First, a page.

As I wrote yesterday, Cleveland law enforcement agencies, their out-of-town partners, and the Secret Service were seemingly prepared for the apocalypse. But on Day 2 of the Republican National Convention (RNC), all is bizarrely calm and placid around town.
The streets around Quicken Loans Arena are crowded with visiting delegates, journalists, protesters, and hawkers of Trump-branded paraphernalia. According to Cleveland's police chief Calvin Williams, two "major" protests numbering no more than three hundred people took place "without incident," and Cleveland.com reports one small group of open-carry gun enthusiasts meeting at Cleveland's Public Square was "peaceful and easily managed by police."
Indeed, one of the most noteworthy convention-related incidents to take place yesterday happened a block away from the arena, hours before the evening's program began, when several protesters who claimed to be affiliated with the hacktivist group Anonymous were briefly detained (while surrounded by almost 100 officers, including half a dozen mounted police). The incident ended with the protesters' gas masks and a small knife being confiscated by authorities, but no arrests.
When sporadic protests have popped up near the arena, such as when Code Pink stood in the middle of the street on Prospect Ave right around the time Scott Baio took the RNC stage, police were patient and accommodating, keeping their distance and intervening only when arguments between pro and anti-Trump voices appeared to be taking a physical turn.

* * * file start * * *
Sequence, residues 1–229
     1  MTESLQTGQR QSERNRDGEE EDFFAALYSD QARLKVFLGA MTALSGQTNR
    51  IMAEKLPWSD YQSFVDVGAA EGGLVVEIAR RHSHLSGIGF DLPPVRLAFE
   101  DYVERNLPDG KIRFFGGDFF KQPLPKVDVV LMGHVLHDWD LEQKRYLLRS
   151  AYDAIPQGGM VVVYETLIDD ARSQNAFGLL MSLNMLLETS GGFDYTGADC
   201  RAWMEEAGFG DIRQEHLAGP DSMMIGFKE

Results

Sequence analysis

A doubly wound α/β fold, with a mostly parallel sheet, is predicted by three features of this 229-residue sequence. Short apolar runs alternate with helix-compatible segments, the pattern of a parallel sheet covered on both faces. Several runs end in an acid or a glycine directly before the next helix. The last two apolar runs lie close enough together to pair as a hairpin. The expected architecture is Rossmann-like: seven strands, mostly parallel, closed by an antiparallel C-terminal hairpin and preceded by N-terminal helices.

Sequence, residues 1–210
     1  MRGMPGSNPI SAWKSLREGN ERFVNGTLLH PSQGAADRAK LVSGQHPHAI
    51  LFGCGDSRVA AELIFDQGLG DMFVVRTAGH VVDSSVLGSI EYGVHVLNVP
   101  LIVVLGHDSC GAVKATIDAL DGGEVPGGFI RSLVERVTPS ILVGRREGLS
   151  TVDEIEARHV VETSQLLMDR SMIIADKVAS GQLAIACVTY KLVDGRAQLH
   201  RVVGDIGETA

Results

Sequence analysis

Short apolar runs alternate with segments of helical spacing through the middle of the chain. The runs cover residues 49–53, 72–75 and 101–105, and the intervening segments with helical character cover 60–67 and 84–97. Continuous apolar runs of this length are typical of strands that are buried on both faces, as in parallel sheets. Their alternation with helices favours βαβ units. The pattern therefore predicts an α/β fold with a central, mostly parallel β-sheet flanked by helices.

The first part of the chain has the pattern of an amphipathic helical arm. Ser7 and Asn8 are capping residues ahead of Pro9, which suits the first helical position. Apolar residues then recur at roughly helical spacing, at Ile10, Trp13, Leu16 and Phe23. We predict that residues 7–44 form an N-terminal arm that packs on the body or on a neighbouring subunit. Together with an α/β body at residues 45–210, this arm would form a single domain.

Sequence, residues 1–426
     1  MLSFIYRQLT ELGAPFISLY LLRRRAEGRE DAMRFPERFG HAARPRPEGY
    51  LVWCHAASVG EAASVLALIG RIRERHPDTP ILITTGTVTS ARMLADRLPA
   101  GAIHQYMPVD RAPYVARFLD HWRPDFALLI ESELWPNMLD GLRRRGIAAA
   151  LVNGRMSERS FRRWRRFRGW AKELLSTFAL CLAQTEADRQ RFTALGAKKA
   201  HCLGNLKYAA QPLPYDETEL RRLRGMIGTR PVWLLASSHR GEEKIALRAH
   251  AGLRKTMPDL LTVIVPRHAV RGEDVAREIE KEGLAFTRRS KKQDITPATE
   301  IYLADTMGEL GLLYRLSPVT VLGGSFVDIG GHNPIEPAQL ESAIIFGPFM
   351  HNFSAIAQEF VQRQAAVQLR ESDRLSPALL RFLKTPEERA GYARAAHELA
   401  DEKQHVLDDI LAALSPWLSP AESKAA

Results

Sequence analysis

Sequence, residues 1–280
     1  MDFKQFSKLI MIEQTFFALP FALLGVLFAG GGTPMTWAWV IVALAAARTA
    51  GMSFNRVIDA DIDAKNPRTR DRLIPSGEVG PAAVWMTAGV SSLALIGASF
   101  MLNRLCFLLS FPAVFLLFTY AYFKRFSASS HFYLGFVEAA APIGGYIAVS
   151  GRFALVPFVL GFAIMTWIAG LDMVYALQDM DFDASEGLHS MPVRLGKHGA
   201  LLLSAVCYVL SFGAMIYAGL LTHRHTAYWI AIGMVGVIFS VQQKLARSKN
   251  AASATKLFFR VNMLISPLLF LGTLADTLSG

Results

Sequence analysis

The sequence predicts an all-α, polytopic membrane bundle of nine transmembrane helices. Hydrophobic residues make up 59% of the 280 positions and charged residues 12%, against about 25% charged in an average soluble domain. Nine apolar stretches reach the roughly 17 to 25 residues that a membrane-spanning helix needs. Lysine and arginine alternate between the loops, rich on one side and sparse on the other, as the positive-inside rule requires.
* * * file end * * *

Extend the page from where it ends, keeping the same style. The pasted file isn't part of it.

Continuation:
Part of the reason the protests have been so muted is because demonstrators have been confined to three "protest zones" and one designated march route, all of which are at least a mile from the RNC. There is little danger that the crowds of people who participate in the officially sanctioned protests will run into RNC attendees unless they each make the effort to seek the other out. And with security in the "event zone" at extremely high levels, it would take a serious breach for the current eerily calm atmosphere to be significantly altered.
Earlier today at Willard Park, one of the designated protest zones, there were no protests nor any scheduled for the day, but there was a Trump Hut. Designed by New York-based advertising professionals Doeg Cameron and Tommy Noonan, and fabricated by a Mexican-born immigrant artist, the hut is largely made of Mexican straw and is meant to serve in part as a commentary on xenophobia and income inequality, the latter of which is represented by luxury hotel items within the hut.